British National Party – HOPE not hate
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British National Party

Ideology Racial Nationalist
Membership Under 300
Leadership Adam Walker (chairman),

Clive Jefferson (deputy chairman)

Publications Identity
Online Website, Facebook and Twitter
Areas active Batley & Spen, Bexleyheath, Blackpool, Burnley, Croydon, Darwen, Essex, Leeds, Lincoln

SUMMARY OF 2016

2016 was a bad year for the BNP with the only moment of respite from its continuing decline coming in October 2016 when it took control of Heybridge Parish Council in Essex. The year started badly when the party’s deputy chairman and treasurer Clive Jefferson closed the party’s regional bank accounts in January 2016 meaning that all party monies would now have to go directly through him. The party has also closed its head office and moved above a supermarket in Wigton instead.

What goodwill the party did have with its remaining activists was used up this year and only renewed creativity in begging emails showed that Adam Walker and Clive Jefferson were actually still alive and working for the party.

Despite boasting 3,000 members, only 50 turned up to the party’s AGM. The party’s London region split acrimoniously just before the mayoral elections in May and, since then, former London regional organiser, Steve Squire, has spent considerable time and effort attempting to inform the rest of the party of the supposed criminality of the BNP’s leadership. Squire also attempted to join the rival Britain First but his application was rejected on account of his “bad character”.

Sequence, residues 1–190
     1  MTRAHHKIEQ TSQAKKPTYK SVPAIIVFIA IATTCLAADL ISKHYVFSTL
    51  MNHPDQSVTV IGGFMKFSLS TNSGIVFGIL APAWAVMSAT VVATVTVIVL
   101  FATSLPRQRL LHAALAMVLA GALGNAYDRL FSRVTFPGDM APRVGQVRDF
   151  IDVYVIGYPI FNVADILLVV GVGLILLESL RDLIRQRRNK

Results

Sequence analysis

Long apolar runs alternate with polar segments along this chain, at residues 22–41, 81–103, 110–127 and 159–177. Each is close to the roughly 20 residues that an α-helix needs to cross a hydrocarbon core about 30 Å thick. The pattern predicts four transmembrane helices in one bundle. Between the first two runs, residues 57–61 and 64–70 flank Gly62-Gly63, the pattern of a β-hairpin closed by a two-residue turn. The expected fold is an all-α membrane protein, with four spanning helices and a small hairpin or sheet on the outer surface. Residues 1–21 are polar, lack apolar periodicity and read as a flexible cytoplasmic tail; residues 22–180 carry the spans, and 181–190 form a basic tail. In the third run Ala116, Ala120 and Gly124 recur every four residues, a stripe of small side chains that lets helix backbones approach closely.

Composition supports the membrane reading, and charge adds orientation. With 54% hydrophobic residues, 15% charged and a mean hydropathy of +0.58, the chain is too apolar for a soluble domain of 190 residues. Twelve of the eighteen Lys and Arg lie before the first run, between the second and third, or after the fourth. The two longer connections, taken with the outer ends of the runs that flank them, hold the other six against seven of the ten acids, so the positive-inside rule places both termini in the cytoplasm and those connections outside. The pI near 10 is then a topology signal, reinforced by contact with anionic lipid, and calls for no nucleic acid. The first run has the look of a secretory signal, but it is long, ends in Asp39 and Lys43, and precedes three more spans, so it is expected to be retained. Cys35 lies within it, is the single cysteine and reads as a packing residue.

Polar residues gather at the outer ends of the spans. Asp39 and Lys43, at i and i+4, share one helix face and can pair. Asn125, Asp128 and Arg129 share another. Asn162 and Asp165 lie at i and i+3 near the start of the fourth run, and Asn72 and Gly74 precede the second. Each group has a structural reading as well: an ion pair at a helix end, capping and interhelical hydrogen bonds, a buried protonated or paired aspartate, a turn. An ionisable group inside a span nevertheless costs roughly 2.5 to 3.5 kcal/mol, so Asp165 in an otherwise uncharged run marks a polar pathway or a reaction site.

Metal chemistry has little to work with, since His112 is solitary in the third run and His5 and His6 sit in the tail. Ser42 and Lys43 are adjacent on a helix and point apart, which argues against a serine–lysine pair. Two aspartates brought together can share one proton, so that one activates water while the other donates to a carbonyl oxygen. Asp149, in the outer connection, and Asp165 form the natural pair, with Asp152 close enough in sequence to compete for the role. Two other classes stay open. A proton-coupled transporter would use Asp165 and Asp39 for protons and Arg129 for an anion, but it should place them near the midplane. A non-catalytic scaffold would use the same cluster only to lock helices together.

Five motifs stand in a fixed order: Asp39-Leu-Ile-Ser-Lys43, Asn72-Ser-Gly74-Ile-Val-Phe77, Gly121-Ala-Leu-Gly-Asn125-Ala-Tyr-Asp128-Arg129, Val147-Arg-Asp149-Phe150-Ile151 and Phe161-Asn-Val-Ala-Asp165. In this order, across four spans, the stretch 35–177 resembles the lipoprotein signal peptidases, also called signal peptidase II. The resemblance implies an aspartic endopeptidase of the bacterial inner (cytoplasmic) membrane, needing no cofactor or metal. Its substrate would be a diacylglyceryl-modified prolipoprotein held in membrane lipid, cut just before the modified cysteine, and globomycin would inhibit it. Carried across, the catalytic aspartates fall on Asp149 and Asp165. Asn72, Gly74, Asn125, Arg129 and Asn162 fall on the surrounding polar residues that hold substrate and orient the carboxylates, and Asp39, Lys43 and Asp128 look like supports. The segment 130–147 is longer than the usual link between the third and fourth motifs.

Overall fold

The party squared up to Britain First during the London mayoral and Assembly elections and was surprisingly trounced with Britain First more than doubling the BNP’s 13,325 (0.5%) for the mayoral vote.

The party also made a listless effort to fight the Batley & Spen by-election where it did, at least, manage to beat two other far right parties but trailed in third behind the English Democrats in a seat that was not contested by the Conservatives, Lib Dems or UKIP.

Sporadic donations still make their way into the BNP as a result of it having had a substantial but short-lived political footprint. The party’s leadership keeps the party afloat so that it can continue to collect a series of bequests that it worked so hard to obtain while at its peak.

Prospects for 2017

The political conditions may improve for a nationalist party in 2017 but the leadership’s preoccupation with money and its ongoing internal squabbles and personal difficulties mean things will most certainly not improve for the BNP.